Town Board Work Session and Meeting: July 8, 201912 min read
Hi neighbors! In last Monday night’s Town Board Work Session and Meeting, we conducted a work session with Charlier Associates to discuss parking management in Downtown Superior, heard an update from our CAPS committee on the development of a placemaking plan, approved the 2019 Water Conservation Plan, approved a speed reduction on South Coal Creek Drive from 35mph to 25mph, tabled a ditch crossing agreement between Rock Creek and Downtown Superior, and discussed a community engagement plan to identify uses for the former Land Rover property. Ready to find out more on what happened? As usual, you may read this post in written form, or scroll to the bottom for a video recap.
Disclaimer: While I do my best to represent an honest and accurate portrayal of meetings and events, the following should be considered an editorial that represents one person’s interpretation of the meetings. At the request of my fellow Board members, I am keeping their points anonymous rather than trying to attribute my interpretation to them personally. For the most unbiased and complete information, I would encourage residents to watch the meeting video itself and draw their own conclusions – visit the town website at SuperiorColorado.gov for the official meeting video and meeting minutes. Finally, I’d also encourage you to check out EngagedCitizens.us, which is a fantastic free tool created by one of our own residents. Engaged Citizens includes a repository of agendas, documents, and meeting videos, and allows you to search within a video to jump to critical parts. I hope you find it as helpful as I do!
Monday’s Board Meeting kicked off with a working session with Charlier Associates, a consulting firm engaged by the town to advise on potential parking management strategies for the Superior Town Center. President James Charlier spoke about the importance of matching parking supply with demand; however, parking demand is challenging to determine with the advent of ridesharing (e.g., Uber) and self-driving cars, which another Trustee and I felt the consultant was a bit bearish on. While I agree that it will take a few decades for us to go fully autonomous (read my personal blog post here for more on my thoughts there), I think the self-driving car revolution is important for us to consider so we don’t end up with an oversupply of parking in a newly built area.
On the bright side, I really liked the idea that Mr. Charlier shared around being “service oriented” in how we approach parking violations. For example, rather than simply having law enforcement issue tickets, for a first offense, we could hand out a flyer with a message like, “Welcome to downtown Superior! So you know for next time, you overparked today; however, we’d still like you to come back, so here’s a retail coupon for 10% off your next visit.” Mr. Charlier also pointed us to a unique ambassador program in downtown Phoenix, where parking enforcement is done by friendly uniformed staff who also chat with visitors, provide concierge services, and generally try to be helpful. (More details on the Phoenix ambassador program here.) To me, this kind of messaging and program is a great cultural fit for our little town, so I’d love to see us explore more along these lines.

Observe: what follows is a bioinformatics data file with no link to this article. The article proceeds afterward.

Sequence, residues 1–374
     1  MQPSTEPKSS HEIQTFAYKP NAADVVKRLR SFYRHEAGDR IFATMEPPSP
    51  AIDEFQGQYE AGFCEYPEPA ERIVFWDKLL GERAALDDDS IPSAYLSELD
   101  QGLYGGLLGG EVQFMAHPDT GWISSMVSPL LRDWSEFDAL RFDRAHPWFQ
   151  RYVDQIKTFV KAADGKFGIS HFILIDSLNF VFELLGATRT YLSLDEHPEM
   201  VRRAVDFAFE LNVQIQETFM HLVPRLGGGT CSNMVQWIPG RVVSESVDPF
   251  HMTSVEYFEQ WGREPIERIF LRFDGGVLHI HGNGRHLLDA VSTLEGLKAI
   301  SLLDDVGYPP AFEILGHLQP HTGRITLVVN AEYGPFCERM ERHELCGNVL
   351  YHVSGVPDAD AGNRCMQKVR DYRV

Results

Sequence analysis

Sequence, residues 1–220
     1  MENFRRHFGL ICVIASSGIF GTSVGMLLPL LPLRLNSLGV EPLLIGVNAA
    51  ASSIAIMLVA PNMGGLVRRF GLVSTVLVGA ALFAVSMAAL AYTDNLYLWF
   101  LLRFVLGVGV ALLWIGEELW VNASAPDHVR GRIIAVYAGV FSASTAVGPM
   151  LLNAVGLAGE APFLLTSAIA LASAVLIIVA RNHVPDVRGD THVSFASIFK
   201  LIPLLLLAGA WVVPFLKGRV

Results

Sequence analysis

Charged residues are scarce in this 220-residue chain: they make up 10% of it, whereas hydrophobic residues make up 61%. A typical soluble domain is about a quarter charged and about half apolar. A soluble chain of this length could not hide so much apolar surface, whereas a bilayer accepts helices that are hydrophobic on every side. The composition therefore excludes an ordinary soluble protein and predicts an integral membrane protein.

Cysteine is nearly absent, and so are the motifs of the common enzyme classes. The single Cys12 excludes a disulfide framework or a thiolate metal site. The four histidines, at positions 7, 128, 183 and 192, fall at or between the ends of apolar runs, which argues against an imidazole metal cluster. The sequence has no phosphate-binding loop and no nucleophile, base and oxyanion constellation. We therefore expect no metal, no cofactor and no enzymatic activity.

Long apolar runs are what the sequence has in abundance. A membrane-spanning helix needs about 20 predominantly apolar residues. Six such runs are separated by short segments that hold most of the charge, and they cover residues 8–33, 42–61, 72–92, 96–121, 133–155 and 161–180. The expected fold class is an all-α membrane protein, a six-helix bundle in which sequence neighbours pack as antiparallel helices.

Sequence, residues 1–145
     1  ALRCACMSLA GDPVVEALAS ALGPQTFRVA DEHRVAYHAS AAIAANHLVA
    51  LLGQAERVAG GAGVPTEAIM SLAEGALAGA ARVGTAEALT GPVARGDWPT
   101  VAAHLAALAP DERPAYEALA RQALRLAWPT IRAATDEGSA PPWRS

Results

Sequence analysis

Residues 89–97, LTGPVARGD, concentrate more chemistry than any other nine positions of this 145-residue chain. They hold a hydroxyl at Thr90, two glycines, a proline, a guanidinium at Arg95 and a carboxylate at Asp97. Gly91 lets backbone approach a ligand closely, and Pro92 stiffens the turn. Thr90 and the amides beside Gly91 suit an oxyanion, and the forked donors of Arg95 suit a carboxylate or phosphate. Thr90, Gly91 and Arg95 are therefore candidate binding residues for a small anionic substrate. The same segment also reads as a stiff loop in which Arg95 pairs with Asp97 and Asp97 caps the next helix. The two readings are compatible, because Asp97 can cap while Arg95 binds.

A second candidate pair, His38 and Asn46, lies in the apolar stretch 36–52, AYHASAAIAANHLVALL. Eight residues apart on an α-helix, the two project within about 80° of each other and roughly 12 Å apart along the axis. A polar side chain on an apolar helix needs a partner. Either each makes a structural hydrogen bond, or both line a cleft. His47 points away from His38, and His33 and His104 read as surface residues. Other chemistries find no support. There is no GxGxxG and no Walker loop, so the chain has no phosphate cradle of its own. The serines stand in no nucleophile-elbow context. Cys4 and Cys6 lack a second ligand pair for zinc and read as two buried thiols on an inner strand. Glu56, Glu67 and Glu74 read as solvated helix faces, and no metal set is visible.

Item 2D – Board Reports
During Board reports, I commended Town Staff and the Superior Chamber of Commerce for really outdoing themselves on the fabulous fourth of July festivities last week. I loved the addition of the wonderful soprano to sing the National Anthem, the Silent Disco tent, and the extra inflatables (and relocation of them to downwind so the great band could be better heard). Huge kudos to everyone for the fantastic job with both the parade and pancake breakfast!
On July 27th, I attended the CAPS committee meeting and heard a report from our consultant, Happy City, who has been contracted to develop our cultural arts master plan. I have to admit, I was a little dismayed by the initial communications and engagement plan – specifically, I was concerned with the limited planned engagement of key stakeholders before a draft plan will be developed. For comparison, our economic development consultant began his work by conducting comprehensive interviews with many stakeholders, which is an approach I think will result in a more tailored plan that fits Superior and its character. I expressed these concerns in the CAPS meeting, and noted that I looked forward to hearing changes to the plan later in the agenda.